Python x Django developer
APIs are less like USB ports or fire hoses than they are as a person at a help desk in a foreign country. An API will not give you all of a program’s information or code (like a fire hose), because what would stop you from replicating the entire code base?
Instead, an API provides you with data its programmers have made available to outside users. Even so, you have to know the language and ask the right questions to do anything with this data.
Computers make a lot of things easier, especially tasks that involve collecting and sorting through tons of data. Let’s say you wanted to know how many times a particular business partner submitted invoices to your company. You could feasibly go into your company’s invoice records, scan the“ from” data input, and print each invoice individually for your audit.
On the other hand, if all invoices were uploaded to a central database, you could write a simple program that accesses that database and finds all the instances of the partner’s name. This would take much less time and be much more accurate.
To use an analogy here, we’ll compare this to ordering a drink at a bar.
When you step up to the bar, you’re given a menu with several drinks listed. To look at this as an API, there’s an existing convention you can follow (i.e. the menu) to state your order and obtain a drink.
The menu, as it’s presented to you, is the interface. All the drinks listed on the menu are what the bartender has agreed to serve. When you ask for a certain drink on the menu, you receive it. But if you ask for something off the menu, such as a vodka martini instead of a gin martini, the bartender can’t provide it because it’s not something they agreed to serve.
Let’s say you want that gin martini delivered to your home. You call a delivery service and you order a martini that appears on the menu. When you order it, someone will tell the bartender your order, the bartender will make the martini and then someone will deliver it to your home. This is an example of an additional service (delivery) built on an “API” (the menu).
To relate this to the software, an API can help one application retrieve specific types of data from another. If the API doesn’t support certain types of data, it won’t be able to facilitate the retrieval of that “off-menu” data.
Okay, so an API is how two computers talk to each other.
The server has the data and sets the language, while the client uses that language to ask for information from the server (FYI, servers do not send data without a client requesting data, but developers have found some ways around this with webhooks). APIs can do anything!
Well, not so fast. The language and syntax of APIs severely limit their
abilities. There are four types of actions an API can take:
When you combine the endpoints with these actions, you can search or update any available information over an API. You’ll need to check the API
documentation to find out how to code these actions, as they’re all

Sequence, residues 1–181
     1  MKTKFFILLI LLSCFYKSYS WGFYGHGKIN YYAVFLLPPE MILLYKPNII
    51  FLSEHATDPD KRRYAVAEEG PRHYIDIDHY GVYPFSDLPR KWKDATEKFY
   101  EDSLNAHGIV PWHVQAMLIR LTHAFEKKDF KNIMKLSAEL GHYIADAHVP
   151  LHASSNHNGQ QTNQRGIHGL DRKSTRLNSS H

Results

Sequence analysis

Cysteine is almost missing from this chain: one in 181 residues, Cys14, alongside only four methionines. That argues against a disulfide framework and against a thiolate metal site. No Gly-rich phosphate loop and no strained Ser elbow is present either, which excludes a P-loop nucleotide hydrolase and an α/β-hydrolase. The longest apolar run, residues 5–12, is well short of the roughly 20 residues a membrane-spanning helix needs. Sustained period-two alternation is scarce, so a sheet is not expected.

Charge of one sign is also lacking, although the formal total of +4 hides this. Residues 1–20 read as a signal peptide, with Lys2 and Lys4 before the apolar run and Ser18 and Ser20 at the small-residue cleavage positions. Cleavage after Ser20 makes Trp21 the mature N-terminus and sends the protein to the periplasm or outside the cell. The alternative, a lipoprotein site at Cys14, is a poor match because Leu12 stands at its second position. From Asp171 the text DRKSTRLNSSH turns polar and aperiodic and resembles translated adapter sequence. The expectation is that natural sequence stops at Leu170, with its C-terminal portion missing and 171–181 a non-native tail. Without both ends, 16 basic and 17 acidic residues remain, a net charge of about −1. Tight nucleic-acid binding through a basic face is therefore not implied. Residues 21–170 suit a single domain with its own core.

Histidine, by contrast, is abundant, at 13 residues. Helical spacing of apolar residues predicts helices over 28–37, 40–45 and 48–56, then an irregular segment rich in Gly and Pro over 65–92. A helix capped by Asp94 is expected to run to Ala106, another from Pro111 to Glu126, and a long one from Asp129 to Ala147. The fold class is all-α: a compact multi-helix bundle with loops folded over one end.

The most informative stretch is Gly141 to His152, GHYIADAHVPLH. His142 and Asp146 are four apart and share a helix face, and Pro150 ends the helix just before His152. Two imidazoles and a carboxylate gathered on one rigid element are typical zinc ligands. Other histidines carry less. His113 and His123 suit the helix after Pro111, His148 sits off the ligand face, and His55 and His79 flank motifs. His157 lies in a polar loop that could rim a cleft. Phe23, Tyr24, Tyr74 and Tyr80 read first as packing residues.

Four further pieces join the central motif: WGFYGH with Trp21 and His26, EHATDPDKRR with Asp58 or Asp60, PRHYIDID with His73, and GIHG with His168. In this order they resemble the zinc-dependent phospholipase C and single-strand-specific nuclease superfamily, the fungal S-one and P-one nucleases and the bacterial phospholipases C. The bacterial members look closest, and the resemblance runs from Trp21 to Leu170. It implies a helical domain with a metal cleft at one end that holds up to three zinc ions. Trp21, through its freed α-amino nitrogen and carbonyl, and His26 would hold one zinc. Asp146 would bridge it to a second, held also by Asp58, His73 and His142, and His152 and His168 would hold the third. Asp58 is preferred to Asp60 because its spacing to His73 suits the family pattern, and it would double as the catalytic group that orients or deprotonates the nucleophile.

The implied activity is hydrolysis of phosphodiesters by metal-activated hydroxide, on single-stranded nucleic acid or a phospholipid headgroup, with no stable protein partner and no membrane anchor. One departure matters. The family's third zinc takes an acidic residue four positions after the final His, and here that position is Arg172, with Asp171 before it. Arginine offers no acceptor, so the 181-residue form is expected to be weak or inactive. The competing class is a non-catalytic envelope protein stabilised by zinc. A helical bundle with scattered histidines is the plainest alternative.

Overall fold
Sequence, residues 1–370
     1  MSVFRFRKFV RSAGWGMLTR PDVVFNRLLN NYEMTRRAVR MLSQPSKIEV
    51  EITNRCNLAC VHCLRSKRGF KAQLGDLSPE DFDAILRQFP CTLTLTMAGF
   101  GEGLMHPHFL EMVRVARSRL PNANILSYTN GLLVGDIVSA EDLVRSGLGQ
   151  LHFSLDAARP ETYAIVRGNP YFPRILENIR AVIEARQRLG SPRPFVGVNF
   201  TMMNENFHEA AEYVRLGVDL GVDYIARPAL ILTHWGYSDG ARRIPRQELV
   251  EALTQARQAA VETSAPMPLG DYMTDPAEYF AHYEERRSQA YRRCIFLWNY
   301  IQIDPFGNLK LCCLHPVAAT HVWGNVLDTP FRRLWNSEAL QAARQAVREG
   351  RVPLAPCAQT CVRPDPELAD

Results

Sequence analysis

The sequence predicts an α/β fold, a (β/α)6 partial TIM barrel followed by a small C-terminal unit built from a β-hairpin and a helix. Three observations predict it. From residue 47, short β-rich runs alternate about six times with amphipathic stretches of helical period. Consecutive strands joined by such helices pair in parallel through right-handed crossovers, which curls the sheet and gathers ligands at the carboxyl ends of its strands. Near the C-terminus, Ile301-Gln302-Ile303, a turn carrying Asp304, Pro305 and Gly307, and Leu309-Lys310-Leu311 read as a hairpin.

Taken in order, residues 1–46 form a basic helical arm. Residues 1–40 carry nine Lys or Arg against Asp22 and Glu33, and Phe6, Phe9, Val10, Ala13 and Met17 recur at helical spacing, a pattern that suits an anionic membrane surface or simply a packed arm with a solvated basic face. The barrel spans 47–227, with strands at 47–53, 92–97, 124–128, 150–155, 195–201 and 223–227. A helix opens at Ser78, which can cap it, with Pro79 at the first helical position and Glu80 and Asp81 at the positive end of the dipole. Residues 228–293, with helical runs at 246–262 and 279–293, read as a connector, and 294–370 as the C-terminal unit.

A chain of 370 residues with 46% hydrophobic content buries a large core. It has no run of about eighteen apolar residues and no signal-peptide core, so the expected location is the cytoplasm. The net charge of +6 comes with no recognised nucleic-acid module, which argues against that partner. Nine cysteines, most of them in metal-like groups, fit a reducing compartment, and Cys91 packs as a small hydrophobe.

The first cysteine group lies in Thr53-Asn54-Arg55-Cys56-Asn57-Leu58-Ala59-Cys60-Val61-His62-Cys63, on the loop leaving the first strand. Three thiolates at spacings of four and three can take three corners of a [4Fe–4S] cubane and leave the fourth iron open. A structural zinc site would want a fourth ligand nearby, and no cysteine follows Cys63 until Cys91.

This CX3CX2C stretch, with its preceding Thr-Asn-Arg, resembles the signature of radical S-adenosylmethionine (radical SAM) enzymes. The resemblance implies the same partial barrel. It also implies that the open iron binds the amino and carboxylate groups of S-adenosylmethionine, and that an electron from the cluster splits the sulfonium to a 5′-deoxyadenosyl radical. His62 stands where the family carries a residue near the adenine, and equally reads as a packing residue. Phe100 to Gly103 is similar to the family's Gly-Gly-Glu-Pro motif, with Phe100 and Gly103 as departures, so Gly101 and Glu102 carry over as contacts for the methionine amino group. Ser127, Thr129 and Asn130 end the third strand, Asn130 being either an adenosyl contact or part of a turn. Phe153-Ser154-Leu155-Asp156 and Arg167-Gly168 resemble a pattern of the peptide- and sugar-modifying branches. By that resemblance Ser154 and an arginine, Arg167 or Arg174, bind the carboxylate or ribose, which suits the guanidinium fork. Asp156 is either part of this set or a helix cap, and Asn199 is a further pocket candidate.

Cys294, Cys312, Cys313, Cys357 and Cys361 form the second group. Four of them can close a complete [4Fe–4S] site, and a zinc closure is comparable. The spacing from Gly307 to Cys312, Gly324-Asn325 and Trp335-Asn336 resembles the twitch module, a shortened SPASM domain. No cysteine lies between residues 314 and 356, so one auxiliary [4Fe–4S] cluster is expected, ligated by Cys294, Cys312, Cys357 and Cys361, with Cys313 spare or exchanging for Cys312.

While we’re talking about language and syntax, let’s cover the ways you can request a server:
HTTP: Hypertext transfer protocol. This is how you got to our site in the first place; by typing a URL in the search bar in your browser. This is a really easy way to access data, but it won’t come back to you in a pretty format if you request a lot of information. We’ll go into this further in just a second.
Text formats: XML, JSON. These are the main languages for accessing data over an API. When you receive your data, you will need to wade through the XML or JSON code to understand what the server gave you.
Many of the API uses you’ll see in your daily business lives move information from one program to similar form fields in another program. This is especially useful when you’re trying to share information that you would otherwise have to enter repeatedly; e.g. sharing leads between your marketing automation platform and your CRM.
The uses and examples we’ll list here are much more basic and pull much less data than what your standard API is good for. But they’ll give you a good idea of the steps in the API process.
Most APIs require an API key. Once you find an API you want to play with,
look in the documentation for access requirements. Most APIs will ask you to complete an identity verification, like signing in with your Google account. You’ll get a unique string of letters and numbers to use when accessing the API, instead of just adding your email and password every time (which isn’t very secure; for more information on authorizations and verifications, read this).
The easiest way to start using an API is by finding an HTTP client online, like REST-Client, Postman, or Paw. This ready-made (and often free) tools help you structure your requests to access existing APIs with the API key you received. You’ll still need to know some of the syntaxes from the documentation, but there is very little coding knowledge required.
The next best way to pull data from an API is by building a URL from the existing API documentation. This YouTube video explains how to pull location data from Google Maps via API, and then use those coordinates to find nearby photos on Instagram.
Overall, an API request doesn’t look that much different from a normal browser URL, but the returned data will be in a form that’s easy for computers to read.
An API is useful for pulling specific information from another program. If you know how to read the documentation and write the requests, you can get lots of great data back, but it may be overwhelming to parse all of this. That’s where developers come in. They can build programs that display data directly in an app or browser window in an easily consumable format. So then, see you next time techie and happy learning!
Previously published here.
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